Arts and Entertainment
Q&A With Looper Director Rian Johnson And Actor Joseph Gordon-Levitt
K.S.: How are you doing today?
R.J.: I’m good, man. I’m good.
K.S.: Time travel movies can get tricky given the fact that you’re dealing with past, present, and future periods which often times can lead to enormous plot holes and inconsistencies. I found “Looper” to be extremely well thought out.
R.J.: Thanks man.
K.S.: And I was wondering if you created some kind of Looper Bible to aid you in the screenwriting process?
R.J: Yeah. I came up with a whole system for how all of this stuff works. I’m happy to hear that it worked for you though because a big part of the writing process was coming up with this whole system and then not explaining a lot of it; just letting the rules play out on screen and hoping the audience will just kind of understand why this stuff is working. I think that’s one of the real challenges of writing a time travel movie. There’s a temptation to have a scene where you draw on the chalkboard and explain it all. I didn’t want that in Looper. Looper uses time travel to set up a situation, but it’s not about time travel. It’s about these two guys kind of facing down the choice one of them has to make.
K.S: I know that Shane Carruth—who made Primer—worked on some of the time travel sequences.
R.J.: He didn’t actually. We started working on them together and then for logistic reasons it just didn’t work out.
K.S.: Oh because I was going to ask you what the extent of his work was.
R.J.: It was for a bit that actually ended up getting cut from the movie. There was originally a sequence where you see Old Joe [Willis]…after he sees the prostitute’s kid, he thinks, “I can’t do this”, and he goes to throw his gun away, and as his gun is slipping out of his hand, you see the memories of his wife being swallowed in this cloud one-by-one. And at the end he can’t do it and decides to take the gun back and complete the mission. Shane was working with me on how these cloud memories would happen. But we never got any further then some initial storyboard shots.
K.S.: That’s such a shame. I heard about it so long ago that I started to wonder why I hadn’t heard his name pop-up recently.
R.J.: Yeah that’s the reason. [Laughs]
K.S.: Will we ever see a R.J. Johnson horror movie?
R.J.: You know I’m too big of a wimp. [Laughs] I’ve got good friends who are great horror directors. I’m in awe of what they do. My friend Lucky McKee is a terrific horror movie director. There are horror elements in “Looper”, but to do a great horror movie, you have to go to those dark places. You have to not be afraid of just delving into the blackness of the world. And I think I might be too big of a wimp. [Laughs] I always need redemption at the end. I need to get to a place where I’m seeing the positive side of where we’re all going to end up. And a great horror movie by definition is usually the opposite of that.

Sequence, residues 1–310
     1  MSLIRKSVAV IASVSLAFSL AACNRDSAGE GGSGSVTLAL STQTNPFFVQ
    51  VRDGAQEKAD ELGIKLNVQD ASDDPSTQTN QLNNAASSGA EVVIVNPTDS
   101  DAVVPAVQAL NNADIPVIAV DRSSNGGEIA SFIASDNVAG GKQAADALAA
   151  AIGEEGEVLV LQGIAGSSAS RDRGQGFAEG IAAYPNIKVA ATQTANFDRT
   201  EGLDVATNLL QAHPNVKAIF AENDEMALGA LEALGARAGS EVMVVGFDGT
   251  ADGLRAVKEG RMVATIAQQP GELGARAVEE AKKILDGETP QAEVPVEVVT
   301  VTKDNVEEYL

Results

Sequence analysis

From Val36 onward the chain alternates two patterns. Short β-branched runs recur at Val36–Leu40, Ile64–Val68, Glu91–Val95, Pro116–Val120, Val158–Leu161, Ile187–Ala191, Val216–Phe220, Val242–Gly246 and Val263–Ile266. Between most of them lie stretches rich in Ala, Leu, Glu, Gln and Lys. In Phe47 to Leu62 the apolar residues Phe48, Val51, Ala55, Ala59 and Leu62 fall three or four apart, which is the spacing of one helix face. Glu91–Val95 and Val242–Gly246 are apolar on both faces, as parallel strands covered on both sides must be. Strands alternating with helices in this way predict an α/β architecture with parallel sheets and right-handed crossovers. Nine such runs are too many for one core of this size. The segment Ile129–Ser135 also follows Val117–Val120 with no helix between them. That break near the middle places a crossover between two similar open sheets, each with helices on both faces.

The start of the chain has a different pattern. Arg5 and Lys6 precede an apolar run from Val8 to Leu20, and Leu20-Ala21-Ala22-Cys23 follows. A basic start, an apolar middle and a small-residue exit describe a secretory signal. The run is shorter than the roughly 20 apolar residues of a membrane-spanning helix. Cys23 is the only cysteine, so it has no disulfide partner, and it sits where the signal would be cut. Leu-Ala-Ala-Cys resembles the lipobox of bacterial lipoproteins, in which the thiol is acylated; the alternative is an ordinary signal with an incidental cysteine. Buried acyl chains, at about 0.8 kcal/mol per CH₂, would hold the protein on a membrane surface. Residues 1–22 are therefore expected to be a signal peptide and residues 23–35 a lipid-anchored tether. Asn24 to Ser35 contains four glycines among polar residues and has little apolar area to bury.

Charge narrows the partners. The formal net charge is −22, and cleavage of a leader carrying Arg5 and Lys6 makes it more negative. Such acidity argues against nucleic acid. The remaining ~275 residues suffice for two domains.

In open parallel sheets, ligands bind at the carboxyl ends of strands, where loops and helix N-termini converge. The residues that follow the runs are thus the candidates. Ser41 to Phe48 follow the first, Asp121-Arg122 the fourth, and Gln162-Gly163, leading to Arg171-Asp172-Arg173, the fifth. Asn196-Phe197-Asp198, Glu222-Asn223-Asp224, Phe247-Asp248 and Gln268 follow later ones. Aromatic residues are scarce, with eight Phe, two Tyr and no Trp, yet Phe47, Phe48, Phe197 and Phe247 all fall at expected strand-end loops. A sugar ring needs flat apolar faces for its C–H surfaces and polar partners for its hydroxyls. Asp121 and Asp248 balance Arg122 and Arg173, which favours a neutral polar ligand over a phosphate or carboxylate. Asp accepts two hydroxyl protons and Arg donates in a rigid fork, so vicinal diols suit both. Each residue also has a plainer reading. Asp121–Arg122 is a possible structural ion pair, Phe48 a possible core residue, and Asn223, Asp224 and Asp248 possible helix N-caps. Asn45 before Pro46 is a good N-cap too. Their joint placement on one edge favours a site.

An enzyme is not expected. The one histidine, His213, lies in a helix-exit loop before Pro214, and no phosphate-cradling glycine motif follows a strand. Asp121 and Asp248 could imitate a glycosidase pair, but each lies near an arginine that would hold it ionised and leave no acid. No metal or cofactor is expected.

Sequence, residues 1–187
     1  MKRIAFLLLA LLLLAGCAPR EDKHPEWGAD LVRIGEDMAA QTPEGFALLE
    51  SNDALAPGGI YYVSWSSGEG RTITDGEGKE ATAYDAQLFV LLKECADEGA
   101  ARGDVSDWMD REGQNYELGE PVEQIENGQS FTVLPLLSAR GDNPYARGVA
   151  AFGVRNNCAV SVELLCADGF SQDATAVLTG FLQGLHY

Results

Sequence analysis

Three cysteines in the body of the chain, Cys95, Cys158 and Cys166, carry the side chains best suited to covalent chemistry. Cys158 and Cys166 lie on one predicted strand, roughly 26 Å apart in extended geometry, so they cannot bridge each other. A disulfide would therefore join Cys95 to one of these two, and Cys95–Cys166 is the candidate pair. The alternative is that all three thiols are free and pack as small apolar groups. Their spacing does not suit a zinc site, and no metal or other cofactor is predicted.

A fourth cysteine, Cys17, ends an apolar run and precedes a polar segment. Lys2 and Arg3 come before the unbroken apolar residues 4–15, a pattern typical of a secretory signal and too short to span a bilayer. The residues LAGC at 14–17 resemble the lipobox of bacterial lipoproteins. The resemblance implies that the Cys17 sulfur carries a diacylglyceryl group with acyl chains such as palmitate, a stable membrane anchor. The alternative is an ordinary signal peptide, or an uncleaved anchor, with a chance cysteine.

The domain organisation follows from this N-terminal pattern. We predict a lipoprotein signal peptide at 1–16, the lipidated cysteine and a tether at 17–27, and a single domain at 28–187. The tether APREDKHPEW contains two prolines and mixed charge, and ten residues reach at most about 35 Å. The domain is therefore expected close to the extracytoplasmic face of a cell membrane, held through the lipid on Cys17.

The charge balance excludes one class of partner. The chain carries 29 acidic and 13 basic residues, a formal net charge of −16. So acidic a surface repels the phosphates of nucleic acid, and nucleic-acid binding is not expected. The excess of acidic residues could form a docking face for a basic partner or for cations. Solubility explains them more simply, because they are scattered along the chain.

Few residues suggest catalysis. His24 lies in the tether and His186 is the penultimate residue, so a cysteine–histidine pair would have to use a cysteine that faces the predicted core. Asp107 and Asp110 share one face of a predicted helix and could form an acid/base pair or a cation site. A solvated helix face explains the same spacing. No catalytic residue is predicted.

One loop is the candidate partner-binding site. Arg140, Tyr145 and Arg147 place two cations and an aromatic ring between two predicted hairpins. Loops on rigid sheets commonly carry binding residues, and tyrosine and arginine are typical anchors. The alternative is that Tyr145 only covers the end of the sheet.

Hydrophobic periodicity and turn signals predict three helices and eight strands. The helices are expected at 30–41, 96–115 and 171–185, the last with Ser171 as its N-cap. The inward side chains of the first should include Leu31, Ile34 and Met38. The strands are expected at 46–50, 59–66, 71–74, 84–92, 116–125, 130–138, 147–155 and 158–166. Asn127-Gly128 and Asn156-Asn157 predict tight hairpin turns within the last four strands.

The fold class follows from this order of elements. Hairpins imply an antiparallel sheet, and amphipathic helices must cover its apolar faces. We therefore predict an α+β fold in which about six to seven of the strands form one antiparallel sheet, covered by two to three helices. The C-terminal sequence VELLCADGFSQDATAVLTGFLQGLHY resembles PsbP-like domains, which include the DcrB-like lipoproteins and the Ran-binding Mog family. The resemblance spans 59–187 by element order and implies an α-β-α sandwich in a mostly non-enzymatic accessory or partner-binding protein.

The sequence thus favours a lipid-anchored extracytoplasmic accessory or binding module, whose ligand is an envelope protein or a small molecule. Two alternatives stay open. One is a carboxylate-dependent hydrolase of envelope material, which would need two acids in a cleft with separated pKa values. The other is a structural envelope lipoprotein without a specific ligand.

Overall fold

K.S.: Thanks for your time today.
R.J.: Thanks so much. It was nice to meet you. It was a real pleasure.
J.G.L: Hey man. How are you doing?
K.S.: Good and yourself?
J.G.L: Good thanks.
K.S.: “Premium Rush” was awesome; a lot of fun.
J.G.L: Oh thanks man!
K.S.: My cousin actually did the bike meetup in Los Angeles.
J.G.L: Oh did he?
K.S.: Yeah they all rode to the movie theater on their bikes.
J.G.L: That’s fantastic. I love that. There was a bunch of those around the country. I thought it was really cool.
K.S.: In an interview, R.J.said that the first cut of the movie was two hours and 45 minutes and about 47 of those minutes were cut. Was there anything that you were really sad to see go?
J.G.L: No. [Laughs] You know, that’s how the process usually goes. It starts long and you have to refine it and refine it and just get to the core of the story. It all serves the story.
K.S.: There’s a line in the movie where Jeff Daniels’ character says to you, “It’s the little ones that get you”. In the context of the movie, what does that mean to you?
J.G.L: Well, in the context of that scene it’s because this sort of unexpected and little thing comes back to be a big deal. He compares it to little spiders which I thought was interesting. [Laughs]
K.S.: Are we going to see a trailer for “Don Jon’s Addiction” anytime soon? Because I know that you guys are editing now. I’ve been following the set updates on Tumblr. It’s pretty cool.
J.G.L: Thanks for bringing that up. That’s awesome. Yeah it went great. We finished shooting about two months ago and we’re in the process of editing it right now. Scarlett Johansson did a really good job. She’s playing this character that I think is really different from anything she’s played before. Julianne Moore is—I think one of the greatest actors alive; Tony Danza plays my dad. He’s really different than you’re used to seeing him. I had a ball man.
K.S.: I’m so stoked for it.
J.G.L: Oh thanks so much. I’m glad you’re excited for it. Because I was wondering if people would be like, “Yeah sure. Actor-kid-turned-director”. [Laughs]
K.S.: [Laughs] Do you have any favorite films that you saw at the Toronto International Film Festival besides “Looper”?
J.G.L: I got to see two films at TIFF; both of which I really loved. One was “The Master” and the other was “Cloud Atlas”.
K.S.: It [“The Master”] was screened in 70mm right?
J.G.L: Yes. It was beautiful.
K.S.: We don’t have any 70mm-capable theaters down here unfortunately.
J.G.L: That’s too bad. Even the transfer to 35mm will still be beautiful. But it’s a stunning movie. And “Cloud Atlas” was also really cool.
K.S.: I’m out of time, but thank you so much.
J.G.L: No problem man. Thank you.
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